The game's got lots of clever elements and the resource management is engaging. It's suffered somewhat from overhyping, because it turns out to be good, but not brilliant. However, I also find it pretty staid with not a lot of real choices, but instead a slow, monotonous expansion that isn't necessarily interesting or strategic. Worse, I think a rule implemented to avoid player elimination actually offbalances the game. My rating has thus dropped from interested to unenthusiastic over two plays and at this point I think only the serious resource manager will like it ... but then that's the same large group that probably likes Power Grid too.

The three games which I had on my original Essen list but which I've never played are Bison, Emira, and Leonardo da Vinci, all by Mayfair. The first two never appeared in any of my gaming groups, while I was unlucky enough to miss out on plays of Leonardo da Vinci. I've heard pretty much nothing about the first two, while I suspect the third would have made my top five list.

I also listed a few games in my original Essen list that had almost made my top-ten. One was Mykerinos which is an interesting majority control game with very low emphasis on luck and very high emphasis on brinkmanship and thoughtful play. It's relatively pretty and interesting and would get a "B" on my scale here. Reiner Knizia's Double or Nothing generally fizzled, and earns a "C"; for press-your-luck style games, his Pickomino is much better, despite the silly theming. And speaking of dicing games, Tom Lehmann's To Court a King was also on my "almost" list from Essen. I found it a little long, and pretty complex to calculate options at the end, but the idea of a Yahtzee-like game with super powers is entirely innovative and the game is quite pretty, thus earning it a "B+", despite my reservations.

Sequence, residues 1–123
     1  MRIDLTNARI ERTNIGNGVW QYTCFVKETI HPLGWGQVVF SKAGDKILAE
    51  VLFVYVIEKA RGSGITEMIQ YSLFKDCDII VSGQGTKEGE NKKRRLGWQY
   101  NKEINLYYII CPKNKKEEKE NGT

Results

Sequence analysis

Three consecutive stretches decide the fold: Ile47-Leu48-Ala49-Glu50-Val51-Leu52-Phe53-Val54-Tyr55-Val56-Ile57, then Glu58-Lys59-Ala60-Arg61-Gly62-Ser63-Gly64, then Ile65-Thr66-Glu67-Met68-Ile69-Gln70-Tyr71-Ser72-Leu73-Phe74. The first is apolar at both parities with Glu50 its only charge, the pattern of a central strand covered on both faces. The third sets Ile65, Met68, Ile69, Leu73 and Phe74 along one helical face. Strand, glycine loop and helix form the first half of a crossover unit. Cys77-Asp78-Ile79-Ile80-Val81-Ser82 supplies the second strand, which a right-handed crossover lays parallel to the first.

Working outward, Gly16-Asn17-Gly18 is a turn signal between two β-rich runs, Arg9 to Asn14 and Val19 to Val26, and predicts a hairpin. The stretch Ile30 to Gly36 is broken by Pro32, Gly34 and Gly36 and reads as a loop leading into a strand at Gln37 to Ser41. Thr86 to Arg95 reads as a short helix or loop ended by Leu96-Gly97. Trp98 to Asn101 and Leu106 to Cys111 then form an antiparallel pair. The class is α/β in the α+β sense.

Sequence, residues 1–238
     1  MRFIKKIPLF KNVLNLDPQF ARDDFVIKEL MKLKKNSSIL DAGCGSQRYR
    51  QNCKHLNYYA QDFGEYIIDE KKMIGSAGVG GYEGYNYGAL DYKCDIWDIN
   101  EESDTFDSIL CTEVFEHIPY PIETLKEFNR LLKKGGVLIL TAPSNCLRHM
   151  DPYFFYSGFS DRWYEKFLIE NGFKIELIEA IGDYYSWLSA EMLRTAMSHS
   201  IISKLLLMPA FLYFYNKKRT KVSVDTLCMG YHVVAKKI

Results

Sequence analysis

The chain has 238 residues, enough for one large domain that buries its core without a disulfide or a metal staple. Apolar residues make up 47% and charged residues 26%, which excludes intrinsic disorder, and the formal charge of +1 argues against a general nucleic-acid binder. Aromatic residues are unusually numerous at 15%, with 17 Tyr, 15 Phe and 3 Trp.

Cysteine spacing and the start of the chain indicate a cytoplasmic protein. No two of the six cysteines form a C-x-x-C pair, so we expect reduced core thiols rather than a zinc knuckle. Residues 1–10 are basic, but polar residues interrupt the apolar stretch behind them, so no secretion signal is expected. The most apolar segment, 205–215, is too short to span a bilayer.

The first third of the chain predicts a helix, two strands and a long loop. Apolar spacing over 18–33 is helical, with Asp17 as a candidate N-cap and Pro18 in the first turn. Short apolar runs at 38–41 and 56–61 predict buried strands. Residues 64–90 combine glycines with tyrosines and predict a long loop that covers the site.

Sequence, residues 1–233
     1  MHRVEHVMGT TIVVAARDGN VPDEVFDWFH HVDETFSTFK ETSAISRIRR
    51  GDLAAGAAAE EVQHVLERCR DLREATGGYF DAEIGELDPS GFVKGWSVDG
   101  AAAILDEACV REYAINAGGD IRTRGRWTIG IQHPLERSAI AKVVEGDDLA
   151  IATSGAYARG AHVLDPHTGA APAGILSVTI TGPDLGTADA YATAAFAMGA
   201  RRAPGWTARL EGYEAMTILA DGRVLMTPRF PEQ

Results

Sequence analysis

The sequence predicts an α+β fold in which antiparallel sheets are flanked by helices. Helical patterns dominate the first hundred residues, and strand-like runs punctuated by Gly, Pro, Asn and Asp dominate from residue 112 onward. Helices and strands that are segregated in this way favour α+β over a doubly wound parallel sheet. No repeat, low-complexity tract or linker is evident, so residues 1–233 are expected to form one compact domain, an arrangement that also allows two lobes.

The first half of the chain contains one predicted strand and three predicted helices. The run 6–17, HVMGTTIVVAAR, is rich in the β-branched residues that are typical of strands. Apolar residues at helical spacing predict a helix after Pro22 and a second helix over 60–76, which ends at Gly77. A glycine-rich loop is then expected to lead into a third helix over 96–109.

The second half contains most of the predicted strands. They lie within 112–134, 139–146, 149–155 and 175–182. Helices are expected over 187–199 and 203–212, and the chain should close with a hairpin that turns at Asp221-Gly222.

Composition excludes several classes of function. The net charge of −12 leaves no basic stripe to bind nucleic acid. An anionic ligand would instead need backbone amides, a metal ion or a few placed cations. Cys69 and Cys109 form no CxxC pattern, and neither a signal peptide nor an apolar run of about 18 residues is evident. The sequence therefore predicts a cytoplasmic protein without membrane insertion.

Overall, the ones that are "B+" are better are the ones that I'd recommend most from last year's Nurnberg, and which I'd most consider buying. That's: Blue Moon City, Thurn and Taxis, Ticket to Ride: Marklin Edition, Augsberg 1520, and To Court a King.

Now let's see what Nurnberg 2007 brings!


Chris Farrell said...

initial-ish impressions
of Augsburg 1520 were lukewarm, but it's really grown on me with more play. It's very tight, and a very challenging game; I sort of think of it as Saint Petersburg done right for the gamer crowd, but that's just me. One interesting thing is that it's one of those games that is very different depending on the number of players. I think 4-5 is the way to go, and my most satisfying game was with 5. With 2 or 3, it doesn't seem to go as well.

It's a shame about the opaque theme. I swear I am not making this up, but the perfect way to explain the theme came to me in a dream once. It involved the Mafia in some way. But I didn't write it down, so we're back to square one.

huzonfirst said...

Nice summary of last year's Nuremburg games, Shannon. My list of favorites contains the same games as yours, although the order is a bit different (for example, I'd put Tempus on top, although, as you note, it wasn't available until later in the year). The only game I'd add is Aton, which is a very nice two-player. But we pretty much agree on the quality games from the first half of last year.

Simon J said...

I'm a bit confused about your comment re Augsburg 1520 & Louis XIV. Whilst Louis is certainly dry, and might be considered economic (?) it certainly isn't an auction game.

Shannon Appelcline said...

You're right. They're similarly *logistical* games, I'd say. More importantly, they both feel like they fill the same niche and will appeal to the same players.